Deep learning accelerates assessment of cardiac aging and disease in Drosophila as a model for human disease – News

Machine Learning

Using high-speed video microscopy and artificial intelligence, statistics such as diastolic and systolic diameters, cardiac output, fractional shortening, and ejection fraction are calculated.

Mountain stream fruit flyUsing high-speed video microscopy and artificial intelligence, calculated statistics such as diastolic and systolic diameters, cardiac output, fractional shortening, and ejection fraction are obtained.Drosophila melanogaster (commonly known as the fruit fly) is a valuable model for human cardiac pathophysiology, including cardiac ageing and cardiomyopathies. However, a challenge in assessing the fruit fly heart is that human intervention is required to measure the moment when the heart maximally expands or contracts. This measurement allows the calculation of cardiac dynamics.

Researchers at the University of Alabama at Birmingham have now shown how using deep learning and high-speed video microscopy to study every beat of a fly's heart, they can drastically reduce the time needed for analysis while utilizing more of the heart area.

“Our machine learning method is not just faster; it minimizes human error by eliminating the need to manually mark each heart wall during systole and diastole,” said Girish Melkani, PhD, associate professor in the Department of Molecular and Cytopathology in the UAB School of Pathology. “Furthermore, we can run the analysis of hundreds of hearts and view the results once all the hearts have been analyzed.”

This will expand our ability to test how different environmental and genetic factors affect cardiac aging and pathology. Merkani envisions using deep learning-assisted research to investigate cardiac mutation models as well as other small animal models such as zebrafish and mice. “Furthermore, our technique can be adapted to human heart models, providing valuable insights into cardiac health and disease. By incorporating uncertainty quantification methods, we can further increase the confidence of our analysis. Moreover, our machine learning approach can predict cardiac aging with a high degree of accuracy.”

Mercani says that Drosophila models are already very powerful in understanding the pathophysiological basis of several human cardiovascular diseases, which remain among the leading causes of death and disability in the United States.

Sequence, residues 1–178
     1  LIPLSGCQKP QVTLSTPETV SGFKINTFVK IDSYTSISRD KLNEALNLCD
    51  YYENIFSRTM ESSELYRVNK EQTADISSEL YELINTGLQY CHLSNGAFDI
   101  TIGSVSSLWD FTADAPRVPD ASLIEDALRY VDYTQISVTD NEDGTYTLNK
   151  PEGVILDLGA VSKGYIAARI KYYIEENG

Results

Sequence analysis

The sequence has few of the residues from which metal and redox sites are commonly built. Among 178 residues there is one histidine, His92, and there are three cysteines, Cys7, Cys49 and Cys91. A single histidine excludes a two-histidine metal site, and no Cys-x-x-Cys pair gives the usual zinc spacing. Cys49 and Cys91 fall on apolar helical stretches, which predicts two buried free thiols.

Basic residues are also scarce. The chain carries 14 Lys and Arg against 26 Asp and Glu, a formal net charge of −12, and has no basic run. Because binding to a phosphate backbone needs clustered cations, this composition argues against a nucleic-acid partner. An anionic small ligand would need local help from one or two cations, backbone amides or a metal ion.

Mercani and his UAB colleagues evaluated the trained models on cardiac performance in both Drosophila cardiac aging and in a Drosophila model of dilated cardiomyopathy caused by knockdown of oxoglutarate dehydrogenase, a key enzyme in the TCA cycle. These automated assessments were then validated against existing experimental datasets. For example, for aging at 1 and 5 weeks of age, roughly half the fruit fly's lifespan, the UAB team used 54 hearts for model training and then validated the measurements against an experimental aging model containing 177 hearts. The trained models were able to reconstruct expected trends in cardiac parameters with aging.

RS50056 Girish Melkani 2 scr 1Dr. Girish MelkaniMercani says the team's model can be applied to readily available consumer hardware, and their code can provide calculated statistics such as diastolic and systolic diameters/intervals, shortening fraction, ejection fraction, cardiac cycle/rate, and quantified cardiac arrhythmias.

“To the best of our knowledge, this innovative platform for deep learning-based segmentation is the first to be applied to standard high-resolution high-speed light microscopy of the Drosophila heart and to quantify all relevant parameters,” said Mercani.

“Automating the process and providing detailed cardiac statistics paves the way for more accurate, efficient and comprehensive studies of Drosophila cardiac function. This method has great potential not only for understanding aging and disease in Drosophila, but also for applying these insights to human cardiovascular research.”

The first authors of the study, “Automated assessment of cardiac dynamics in Drosophila models of aging and dilated cardiomyopathy using machine learning,” published in Communications Biology, are Yash Melkani and Aniket Pant of the UAB Department of Pathology. Yiming Guo, also of the UAB Department of Pathology, is an additional author, and Girish Melkani is the corresponding author.

Support was provided by National Institutes of Health grant AG065992, a UAB Marnix E. Heersink School of Medicine AMC21 grant, and UAB Pathology startup funds.

Girish Melkani develops and uses clinically relevant Drosophila models to study the pathophysiological basis of human circadian/metabolic disorders related to cardiometabolic diseases, myofibrillar myopathies, proteinopathies, neurological disorders, sleep disorders, and aging disorders, as well as how lifestyle and genetic factors act to maintain the structural integrity of cells, tissues, and organs, which in turn dictate the physiology of the organism.

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